The Dangers and Risks Workers Face When Loading & Unloading Semi-Trucks
Overloaded commercial trucks can pose a serious risk to truckers and other drivers on the road. Truckers and factory workers who assist in getting cargo onto and off of trucks can face a significant risk of injury as they load and unload trucks when cargo is not loaded correctly or shifts during transport. It is crucial that truckers receive training on the proper methods of loading and unloading the trailer so they can protect themselves and those around them. If a trucker or warehouse worker is injured in the course of loading or unloading a semi, then he or she may have a claim for compensation against his / her employer and other companies who assisted in stacking materials on the truck.
If you are a trucker, loader or dockworker and have been injured while performing loading duties for your position, please don’t hesitate to get in touch with our Illinois semi-truck accident lawyers. Our lawyers are experienced in dealing with negligently loaded truck cargo accident cases, and we can pursue monetary compensation on your behalf.
Federal and Illinois Truck Loading Laws to Protect Truckers and Workers
There are stringent loading laws at the federal and state level. The commercial trucking industry is one of the most heavily-regulated industries in the U.S. The Federal Motor Carrier Safety Administration is responsible for implementing trucking regulations to ensure that workers are safe in the midst of performing their duties. These laws also aim to reduce the number of trucking accidents that occur in interstate commerce. The laws maintain that:
- Cargo must be appropriately distributed and adequately secured
- Doors, spare tires, the tailgate, and tailboard must all be securely fastened
- Cargo must not obscure a driver’s view
- Truckers must perform compliance checks before driving on the road to ensure adherence to the regulations
- Cargo must be inspected within the first 50 miles of a trip and adjusted as needed
- Cargo that may roll must be restrained
- Vehicles with heavy loads must meet Special Purpose Vehicle requirements
- Security requirements must be met for specific commodities, such as metal coils or cars
- Truckers must ensure the proper use of tie-downs and prevent items from becoming loose, unfastened, opened or released while the truck is on the road
Trucking companies should also provide truckers with the essential training involving recent regulations impacting particular commodities. For example, Rule 393.124 states that concrete pipes must be bundled tightly together rigidly to eliminate any tendency to roll. Rule 393.128 requires that cars must individually weigh less than 10,000 pounds. The federal regulations are precise, and truck drivers must abide by them to prevent accidents, protect other motorists and ultimately protect themselves from harm.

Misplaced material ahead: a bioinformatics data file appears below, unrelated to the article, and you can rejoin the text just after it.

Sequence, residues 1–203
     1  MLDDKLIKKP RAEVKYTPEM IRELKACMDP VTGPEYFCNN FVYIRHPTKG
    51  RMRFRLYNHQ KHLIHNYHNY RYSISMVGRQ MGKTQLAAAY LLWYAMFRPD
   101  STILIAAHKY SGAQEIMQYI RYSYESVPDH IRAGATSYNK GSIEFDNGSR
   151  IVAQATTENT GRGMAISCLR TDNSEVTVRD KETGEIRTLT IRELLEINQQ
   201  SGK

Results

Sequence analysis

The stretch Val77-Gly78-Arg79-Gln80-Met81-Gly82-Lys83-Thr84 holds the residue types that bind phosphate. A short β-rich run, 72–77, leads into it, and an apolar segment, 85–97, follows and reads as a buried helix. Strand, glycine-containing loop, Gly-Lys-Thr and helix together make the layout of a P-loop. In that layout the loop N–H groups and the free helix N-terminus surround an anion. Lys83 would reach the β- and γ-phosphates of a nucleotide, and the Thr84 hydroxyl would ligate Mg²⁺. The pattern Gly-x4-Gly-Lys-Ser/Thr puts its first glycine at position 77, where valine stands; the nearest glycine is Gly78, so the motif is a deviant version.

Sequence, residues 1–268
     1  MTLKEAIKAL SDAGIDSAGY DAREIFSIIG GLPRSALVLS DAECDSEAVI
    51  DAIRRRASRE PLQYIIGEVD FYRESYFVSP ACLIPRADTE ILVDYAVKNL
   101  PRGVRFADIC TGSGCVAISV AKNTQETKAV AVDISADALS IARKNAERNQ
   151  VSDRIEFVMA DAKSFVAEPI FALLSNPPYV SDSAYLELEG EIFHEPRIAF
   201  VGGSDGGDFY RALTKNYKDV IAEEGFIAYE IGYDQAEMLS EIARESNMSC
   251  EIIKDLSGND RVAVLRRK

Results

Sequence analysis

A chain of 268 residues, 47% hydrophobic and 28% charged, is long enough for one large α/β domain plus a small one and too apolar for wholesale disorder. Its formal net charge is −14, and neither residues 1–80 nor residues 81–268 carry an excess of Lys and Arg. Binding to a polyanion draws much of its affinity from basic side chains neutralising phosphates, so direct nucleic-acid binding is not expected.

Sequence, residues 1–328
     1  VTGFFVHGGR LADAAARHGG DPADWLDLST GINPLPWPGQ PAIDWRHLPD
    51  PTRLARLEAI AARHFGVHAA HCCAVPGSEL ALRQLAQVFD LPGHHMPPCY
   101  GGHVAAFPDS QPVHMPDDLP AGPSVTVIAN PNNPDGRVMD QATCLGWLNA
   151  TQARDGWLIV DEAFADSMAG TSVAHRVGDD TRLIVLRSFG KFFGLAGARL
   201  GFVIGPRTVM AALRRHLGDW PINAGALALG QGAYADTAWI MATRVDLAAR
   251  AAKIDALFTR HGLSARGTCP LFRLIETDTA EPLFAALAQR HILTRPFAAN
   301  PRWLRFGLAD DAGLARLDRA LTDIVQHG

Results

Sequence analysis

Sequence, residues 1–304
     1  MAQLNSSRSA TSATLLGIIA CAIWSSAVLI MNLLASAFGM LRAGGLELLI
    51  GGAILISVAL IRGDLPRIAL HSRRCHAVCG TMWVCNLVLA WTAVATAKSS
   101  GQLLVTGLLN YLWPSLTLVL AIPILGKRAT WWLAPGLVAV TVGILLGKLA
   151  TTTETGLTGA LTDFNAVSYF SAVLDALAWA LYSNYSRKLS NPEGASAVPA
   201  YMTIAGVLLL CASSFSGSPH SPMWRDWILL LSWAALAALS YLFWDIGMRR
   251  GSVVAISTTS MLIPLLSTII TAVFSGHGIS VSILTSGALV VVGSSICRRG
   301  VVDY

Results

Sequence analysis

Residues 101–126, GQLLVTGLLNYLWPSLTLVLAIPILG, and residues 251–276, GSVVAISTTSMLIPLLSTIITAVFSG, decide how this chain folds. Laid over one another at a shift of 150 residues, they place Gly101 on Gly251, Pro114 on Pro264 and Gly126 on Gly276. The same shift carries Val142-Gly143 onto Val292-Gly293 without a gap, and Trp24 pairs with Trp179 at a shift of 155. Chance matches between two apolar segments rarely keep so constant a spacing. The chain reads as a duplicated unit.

The Illinois Department of Transportation also has specific regulations for the legal weight of trucks in the state. Truckers have a duty under Illinois law to complete a pre-trip inspection. Truckers must ensure that a truck is not top-heavy, meaning that the truck does not tend to tip over. Truckers must also abide by the following guidelines for securing cargo in Illinois:
- Blocking and Bracing: Blocking must be used to ensure that cargo is tightly fitted. Bracing is also used to prevent slipping and sliding of freight.
- Cargo Tiedown: Ropes, straps, chains and tension devices should be used to prevent cargo from shifting inside of a truck.
- Header Boards: The header board is used to protect a trucker in the event of an accident. The trucker has a shield between him and any cargo within a truck.
- Coverings for Cargo: Covers should be used to protect freight from weather conditions and also protect people from spilled cargo.
Lawyers for Trucker and Delivery Dock Worker Injuries Arising from Truck Cargo Loading Accidents
When a trucker does not correctly load a truck, he or she can suffer from tremendous injuries. The Occupational Health and Safety Administration (OSHA) reports that truckers can experience the following injuries in the course of their duties:
- Cuts and lacerations
- Fractures and broken bones
- Severe strains and sprains
- Muscle soreness
- Head injuries
- Stuck by falling object
- Contact with sharp objects
- Contact with harmful substances
- Trucking accidents
Contact the Illinois semi-truck accident attorneys at Rosenfeld Injury Lawyers to learn more about your legal rights. Our attorneys can help you obtain the compensation you deserve. When you have been injured by a negligent truck cargo loading accident, you may have multiple claims against the trucker's employer or the manufacturers of safety devices. Our attorneys welcome the opportunity to figure out the best way to serve your case.
If you are searching for information on falling cargo from trucks resulting in collisions, look here.
Our law firm has experience representing workers injured in loading dock accidents, view our page here for more information.